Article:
Then I was told I had to pay for Darcy to travel on board – which I had already done while making my flight reservations. It took them another 15 minutes to confirm what I told them.
It was rather annoying that they assume that one had not researched and prepared for our journey.
The thing about sticklers is when you’ve proven them wrong, they try to find other reasons to stick to their original decision. They are not solution orientated but rather look for barriers. And it took the senior attendant to make the final call even though the other two were still telling him that Darcy did not look like she could stand in the bag.
But once we left check-in the rest of our experience at the airport was really pleasant. The staff at security smiled at Darcy paid her lots of attention. Several other passengers asked me what breed she is. A man on the phone stopped me in mid-conversation to ask about Darcy and then told whoever he was speaking to that she’s a cockapoo.
I was told labradoodles are more commonly known in Germany. Maybe now there will be a surge of cockapoos in Deutschland.
I am relieved we managed to get on board. If we didn’t well, there was always something to do in Dusseldorf.As always, Darcy proved once again to be a very amenable dog. She had never been inside a zipped carrier and I had to coax her to get in. Once she did, she settled down, curled up and relaxed and not one whimper from her even though she was always a little unsure about the noise during take-off and landing. It was amazing how ell she took to the bag.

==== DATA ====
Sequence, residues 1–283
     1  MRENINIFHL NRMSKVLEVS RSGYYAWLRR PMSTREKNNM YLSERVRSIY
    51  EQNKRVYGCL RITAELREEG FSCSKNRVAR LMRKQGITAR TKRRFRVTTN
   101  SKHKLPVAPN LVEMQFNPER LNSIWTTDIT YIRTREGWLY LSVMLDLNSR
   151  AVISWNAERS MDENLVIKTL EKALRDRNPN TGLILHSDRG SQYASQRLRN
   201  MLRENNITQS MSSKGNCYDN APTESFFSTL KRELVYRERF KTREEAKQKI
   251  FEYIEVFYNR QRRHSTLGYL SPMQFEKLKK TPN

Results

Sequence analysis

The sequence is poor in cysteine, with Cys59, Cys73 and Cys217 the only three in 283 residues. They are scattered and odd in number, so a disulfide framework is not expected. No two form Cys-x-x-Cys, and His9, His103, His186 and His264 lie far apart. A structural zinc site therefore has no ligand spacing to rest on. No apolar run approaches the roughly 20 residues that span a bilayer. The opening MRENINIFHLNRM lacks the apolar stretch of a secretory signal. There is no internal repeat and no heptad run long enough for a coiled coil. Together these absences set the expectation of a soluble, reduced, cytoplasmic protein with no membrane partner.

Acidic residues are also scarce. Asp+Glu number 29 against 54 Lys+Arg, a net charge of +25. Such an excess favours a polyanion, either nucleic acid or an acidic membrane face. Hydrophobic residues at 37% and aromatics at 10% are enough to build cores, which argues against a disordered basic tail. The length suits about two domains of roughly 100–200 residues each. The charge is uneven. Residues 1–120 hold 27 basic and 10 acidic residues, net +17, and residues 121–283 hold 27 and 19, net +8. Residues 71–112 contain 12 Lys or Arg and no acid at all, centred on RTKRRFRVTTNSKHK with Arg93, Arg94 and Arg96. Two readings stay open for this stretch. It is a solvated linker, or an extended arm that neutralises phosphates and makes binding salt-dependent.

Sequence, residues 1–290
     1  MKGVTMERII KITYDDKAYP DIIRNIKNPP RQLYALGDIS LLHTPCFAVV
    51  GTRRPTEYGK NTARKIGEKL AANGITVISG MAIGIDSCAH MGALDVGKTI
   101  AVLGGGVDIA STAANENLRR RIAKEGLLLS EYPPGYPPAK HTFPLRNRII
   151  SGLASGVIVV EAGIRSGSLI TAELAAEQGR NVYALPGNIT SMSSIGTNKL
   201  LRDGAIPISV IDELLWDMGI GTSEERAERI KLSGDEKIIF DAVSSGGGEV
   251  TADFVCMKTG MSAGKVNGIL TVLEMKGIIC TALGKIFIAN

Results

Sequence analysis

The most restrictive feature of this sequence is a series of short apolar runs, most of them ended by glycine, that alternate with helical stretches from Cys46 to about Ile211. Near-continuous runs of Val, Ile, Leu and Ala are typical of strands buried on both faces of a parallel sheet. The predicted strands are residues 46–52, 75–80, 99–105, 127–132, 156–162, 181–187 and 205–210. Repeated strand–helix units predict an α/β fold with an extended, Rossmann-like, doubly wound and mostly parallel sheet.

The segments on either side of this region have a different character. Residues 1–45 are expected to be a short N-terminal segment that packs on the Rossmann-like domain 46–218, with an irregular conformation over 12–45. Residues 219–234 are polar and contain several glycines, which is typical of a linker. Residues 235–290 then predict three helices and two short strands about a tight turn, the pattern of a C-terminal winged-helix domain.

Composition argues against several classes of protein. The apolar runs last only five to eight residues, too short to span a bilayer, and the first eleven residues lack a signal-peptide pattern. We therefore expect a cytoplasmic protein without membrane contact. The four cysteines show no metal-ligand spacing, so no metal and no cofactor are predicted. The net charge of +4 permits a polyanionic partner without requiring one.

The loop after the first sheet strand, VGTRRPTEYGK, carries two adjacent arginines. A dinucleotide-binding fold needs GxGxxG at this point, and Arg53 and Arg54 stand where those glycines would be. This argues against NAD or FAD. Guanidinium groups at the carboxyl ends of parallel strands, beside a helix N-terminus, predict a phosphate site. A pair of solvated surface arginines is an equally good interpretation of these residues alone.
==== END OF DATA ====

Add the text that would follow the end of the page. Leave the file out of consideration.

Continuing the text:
On the other flights (SAS and Air France) she stayed in the bag only for take-offs and landings. Once in the air, she was allowed to sit on my lap. But on this Air Malta flight – that was not an option. Their rationale is – other passengers may not be used to dogs. I had asked the lady who was sitting in our row if she minded – she actually told me she was hoping we would be sitting next to her as she loves dogs!
The air stewardess suggested that I sit alone in the back when I told her I think the neighbouring lady did not mind having Darcy next to her. She seemed surprise! Why do they underestimate their passengers? They could have just asked them first instead of assuming.
At the same time there was a passenger in the seat in front of us who could not get up nor sit down in his seat without assistance. He wasn’t a cripple – just overweight. In the case of an emergency, that passenger would be more of a liability than a dog.
Was it worth the hassle? Sometimes I think not. And yesterday I almost gave in except I could not fathom the alternative.
Well, this might just be the tipping point and George could be the next candidate to travel in cabin with me. I do think he will be a lot easier – and he is definitely within weight limits for all airlines that allow dogs. Of course not British Airways.